Martin Sabo, Tim Penny and Rudy Boschwitz
ST. PAUL, Minn. - Three Capitol Hill alumni from different points along the political spectrum have joined forces to urge a fundamental, long-term budget fix.
Former Congressmen Martin Olav Sabo and Tim Penny, and former U.S. Sen. Rudy Boshwitz, on Tuesday launched the Minnesota Chapter of Fix the Debt, a national organization devoted to moving the federal debt to the front burner in Washington.
"Our goal is to educate Minnesotans about the seriousness of the growing national debt, and a need for a comprehensive solution," Penny told reporters.
The nation is quickly approaching the self-imposed debt ceiling of $16.3 trillion. So far Fix the Debt has gathered 341,000 signatures on a petition calling for a solution that includes entitlement programs as well as discretionary spending.
"We believe that over the next decade more than $4 trillion of deficit reduction needs to be enacted," Penny remarked.
"That would stabilize our debt. It wouldn't sadly do a lot to reduce the debt, but it would stabilize the debt and give us some growing room."
Penny, who spent 12 years in Congress representing southern Minnesota's 1st District as a moderate Democrat, ran for governor in 2002 under the Independence Party banner. He is one of the founders of the Committee for a Responsible Federal Budget.
One point the campaign is trying to reinforce is that as the US government borrows more heavily to cover its debt, it will increasingly compete with consumers and businesses for that pool of money available for loans.
Sabo, who spent 28 years at the U.S. Capitol, said he was most concerned at the trajectory of debt into the coming decades, where interest payments will tick upward as a percentage of the size of the U.S. economy.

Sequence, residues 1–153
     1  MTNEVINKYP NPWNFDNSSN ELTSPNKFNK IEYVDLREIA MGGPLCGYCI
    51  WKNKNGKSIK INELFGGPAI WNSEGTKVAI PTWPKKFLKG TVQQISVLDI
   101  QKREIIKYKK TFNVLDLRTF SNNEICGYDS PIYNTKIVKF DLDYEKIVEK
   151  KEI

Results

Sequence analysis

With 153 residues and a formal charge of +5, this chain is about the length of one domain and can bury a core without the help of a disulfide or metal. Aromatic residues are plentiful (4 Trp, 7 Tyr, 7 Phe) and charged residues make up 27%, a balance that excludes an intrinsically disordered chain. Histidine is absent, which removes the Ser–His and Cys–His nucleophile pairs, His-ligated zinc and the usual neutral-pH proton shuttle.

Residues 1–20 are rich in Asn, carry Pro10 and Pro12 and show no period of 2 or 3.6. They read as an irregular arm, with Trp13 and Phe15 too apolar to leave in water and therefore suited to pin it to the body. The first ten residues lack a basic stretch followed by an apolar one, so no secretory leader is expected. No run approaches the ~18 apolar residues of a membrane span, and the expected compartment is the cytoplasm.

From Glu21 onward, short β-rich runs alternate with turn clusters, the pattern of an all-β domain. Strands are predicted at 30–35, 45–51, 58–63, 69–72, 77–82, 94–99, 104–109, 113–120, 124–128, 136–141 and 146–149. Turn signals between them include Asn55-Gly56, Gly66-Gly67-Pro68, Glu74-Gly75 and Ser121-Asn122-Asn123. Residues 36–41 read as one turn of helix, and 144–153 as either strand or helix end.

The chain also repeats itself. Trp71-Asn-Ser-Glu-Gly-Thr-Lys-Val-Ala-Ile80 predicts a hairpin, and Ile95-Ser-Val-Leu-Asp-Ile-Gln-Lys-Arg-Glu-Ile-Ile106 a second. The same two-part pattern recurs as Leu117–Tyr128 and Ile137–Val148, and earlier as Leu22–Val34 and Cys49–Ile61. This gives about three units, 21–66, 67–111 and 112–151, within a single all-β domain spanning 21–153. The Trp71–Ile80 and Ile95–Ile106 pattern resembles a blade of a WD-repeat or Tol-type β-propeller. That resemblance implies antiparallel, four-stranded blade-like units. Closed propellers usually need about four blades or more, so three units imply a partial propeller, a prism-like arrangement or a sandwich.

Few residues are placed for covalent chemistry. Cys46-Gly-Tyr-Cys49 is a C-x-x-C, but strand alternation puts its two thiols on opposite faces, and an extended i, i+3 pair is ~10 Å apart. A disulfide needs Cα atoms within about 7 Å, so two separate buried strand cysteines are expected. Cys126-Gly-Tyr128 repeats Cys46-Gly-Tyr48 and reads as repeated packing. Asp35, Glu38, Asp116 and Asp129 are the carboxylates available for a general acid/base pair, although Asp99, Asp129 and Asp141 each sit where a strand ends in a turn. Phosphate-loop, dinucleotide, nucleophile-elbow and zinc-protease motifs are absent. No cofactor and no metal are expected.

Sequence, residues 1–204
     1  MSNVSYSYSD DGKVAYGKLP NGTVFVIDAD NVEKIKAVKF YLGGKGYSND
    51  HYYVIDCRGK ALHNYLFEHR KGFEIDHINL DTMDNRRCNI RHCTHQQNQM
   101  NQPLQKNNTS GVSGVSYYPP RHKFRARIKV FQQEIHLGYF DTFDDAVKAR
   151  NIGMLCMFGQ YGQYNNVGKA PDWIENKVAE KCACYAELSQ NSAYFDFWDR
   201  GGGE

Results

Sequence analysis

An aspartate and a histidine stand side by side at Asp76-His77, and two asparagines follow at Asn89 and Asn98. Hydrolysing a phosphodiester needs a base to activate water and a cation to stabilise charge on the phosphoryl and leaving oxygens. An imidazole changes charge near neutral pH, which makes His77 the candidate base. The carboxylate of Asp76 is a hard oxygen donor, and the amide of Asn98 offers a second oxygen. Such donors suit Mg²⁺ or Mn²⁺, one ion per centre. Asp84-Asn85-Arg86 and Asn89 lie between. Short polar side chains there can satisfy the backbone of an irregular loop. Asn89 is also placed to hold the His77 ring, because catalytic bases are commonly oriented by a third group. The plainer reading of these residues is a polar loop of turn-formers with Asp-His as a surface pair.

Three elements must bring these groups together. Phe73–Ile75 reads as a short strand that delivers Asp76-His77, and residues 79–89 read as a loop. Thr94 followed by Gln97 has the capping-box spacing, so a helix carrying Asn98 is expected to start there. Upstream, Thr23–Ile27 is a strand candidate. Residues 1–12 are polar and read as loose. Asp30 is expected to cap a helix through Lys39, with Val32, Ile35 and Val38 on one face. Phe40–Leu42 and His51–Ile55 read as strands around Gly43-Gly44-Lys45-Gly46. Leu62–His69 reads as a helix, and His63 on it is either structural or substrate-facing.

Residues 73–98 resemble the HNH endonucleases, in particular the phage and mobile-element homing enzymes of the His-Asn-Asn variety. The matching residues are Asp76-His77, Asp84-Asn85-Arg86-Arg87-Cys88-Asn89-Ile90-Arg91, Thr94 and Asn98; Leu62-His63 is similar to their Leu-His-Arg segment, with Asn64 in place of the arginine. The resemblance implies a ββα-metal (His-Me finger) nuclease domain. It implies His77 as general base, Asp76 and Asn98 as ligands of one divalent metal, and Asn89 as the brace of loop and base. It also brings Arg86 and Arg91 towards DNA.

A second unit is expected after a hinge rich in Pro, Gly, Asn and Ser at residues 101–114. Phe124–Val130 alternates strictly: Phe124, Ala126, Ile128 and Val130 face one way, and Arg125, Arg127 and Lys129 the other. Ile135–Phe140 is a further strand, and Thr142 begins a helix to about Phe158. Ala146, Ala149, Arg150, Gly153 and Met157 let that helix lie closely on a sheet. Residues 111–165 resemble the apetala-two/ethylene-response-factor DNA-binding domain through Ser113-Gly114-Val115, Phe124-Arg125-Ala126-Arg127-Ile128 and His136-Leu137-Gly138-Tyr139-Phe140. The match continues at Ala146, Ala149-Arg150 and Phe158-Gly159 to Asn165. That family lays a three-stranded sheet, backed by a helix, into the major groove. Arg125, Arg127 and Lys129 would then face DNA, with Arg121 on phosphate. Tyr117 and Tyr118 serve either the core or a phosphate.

"We've got to start declining the ratio between our debt and our gross domestic product," he said.
He said part of the budget gridlock results from the changing nature of Congress. Members spend less time in Washington these days and find it more difficult to form personal connections that might pave the way for compromise.
Sabo cited the sweeping Social Security settlement in 1983 that was negotiated between President Reagan and Tip O'Neill, the leader of the House Democrats, as an example of the types of "grand bargains" that are rarely seen.
"If you have a relationship with your colleagues, it makes it far more difficult to stay in your partisan trench and lob grenades at the other side."
Rudy Boschwitz, who served in the U.S. Senate from 1978 to 1991, said he prefers to tackle Social Security first.
"One of the important things to do is to fix what's fixable. And as it happens, Social Security, is fixable," Boschwitz said.
Boschwitz, who became a familiar face in Minnesota doing TV commercials for his Plywood Minnesota, remains active in Republican politics.
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